Existing national and international standards for accounting for nuclear materials, including those designated for military use, are insufficient to meet current and future nuclear security, nonproliferation, and weapons reduction demands. Improved accounting practices are needed to provide reliable assurance that nuclear materials designated for peaceful use have not been diverted to state-level nuclear weapons programs or stolen by non-state actors, as well as to deter or detect diversion or the, were it to occur. Implementing an effective and effcient comprehensive, global nuclear accounting system is also a critical element of creating the conditions for future nuclear security if global nuclear energy use increases as part of the effort to mitigate climate change and countries make deep cuts to, or potentially eliminate, their stockpiles of nuclear weapons and nuclear materials designated for military use.
Policy makers from around the globe have recognized the importance of ensuring that all countries with nuclear materials or weapons practice high standards of material control and accounting (MC&A), but the emphasis of current initiatives to improve MC&A has been on national laws and regulations—and primarily in states without nuclear weapons. States have yet to develop comprehensive requirements that address the full scope of nuclear risks and that are meant to be adopted by all states—including nuclear weapons states.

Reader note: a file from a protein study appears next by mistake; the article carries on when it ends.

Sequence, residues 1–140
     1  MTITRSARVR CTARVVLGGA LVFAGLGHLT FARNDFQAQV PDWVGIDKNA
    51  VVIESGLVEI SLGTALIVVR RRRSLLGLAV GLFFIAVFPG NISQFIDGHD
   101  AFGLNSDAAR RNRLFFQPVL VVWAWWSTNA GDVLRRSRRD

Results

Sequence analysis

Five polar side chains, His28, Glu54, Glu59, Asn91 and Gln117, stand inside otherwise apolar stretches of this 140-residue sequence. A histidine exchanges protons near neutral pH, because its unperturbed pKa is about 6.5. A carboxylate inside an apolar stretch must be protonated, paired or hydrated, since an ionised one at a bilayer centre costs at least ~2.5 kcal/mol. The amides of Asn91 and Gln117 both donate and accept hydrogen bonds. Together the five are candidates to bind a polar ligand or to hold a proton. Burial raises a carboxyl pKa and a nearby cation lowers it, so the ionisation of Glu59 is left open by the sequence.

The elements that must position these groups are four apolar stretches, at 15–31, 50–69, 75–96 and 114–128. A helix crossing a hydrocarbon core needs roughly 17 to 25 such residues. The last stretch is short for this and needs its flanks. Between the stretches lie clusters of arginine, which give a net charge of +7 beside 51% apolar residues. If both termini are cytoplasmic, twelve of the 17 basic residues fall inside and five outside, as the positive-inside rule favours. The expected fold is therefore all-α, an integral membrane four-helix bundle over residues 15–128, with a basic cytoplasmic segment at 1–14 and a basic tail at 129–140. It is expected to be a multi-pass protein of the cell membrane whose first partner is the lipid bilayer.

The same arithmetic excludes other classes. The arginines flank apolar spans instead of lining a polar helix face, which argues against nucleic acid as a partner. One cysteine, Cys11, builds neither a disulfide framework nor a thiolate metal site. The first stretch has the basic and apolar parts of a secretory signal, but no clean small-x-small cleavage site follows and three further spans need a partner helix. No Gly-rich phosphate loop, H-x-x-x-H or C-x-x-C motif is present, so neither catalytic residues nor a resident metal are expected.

This study examines a range of current material accounting practices and requirements and argues that in order for MC&A to fully perform the functions necessary to reduce global nuclear risks to an acceptably low level, its emphasis needs to transition from ensuring the non-diversion of nuclear materials to military uses to providing positive inventory control of nuclear materials, whereby national and international authorities can actively account for the location and form of all designated nuclear materials on a continuous and detailed basis.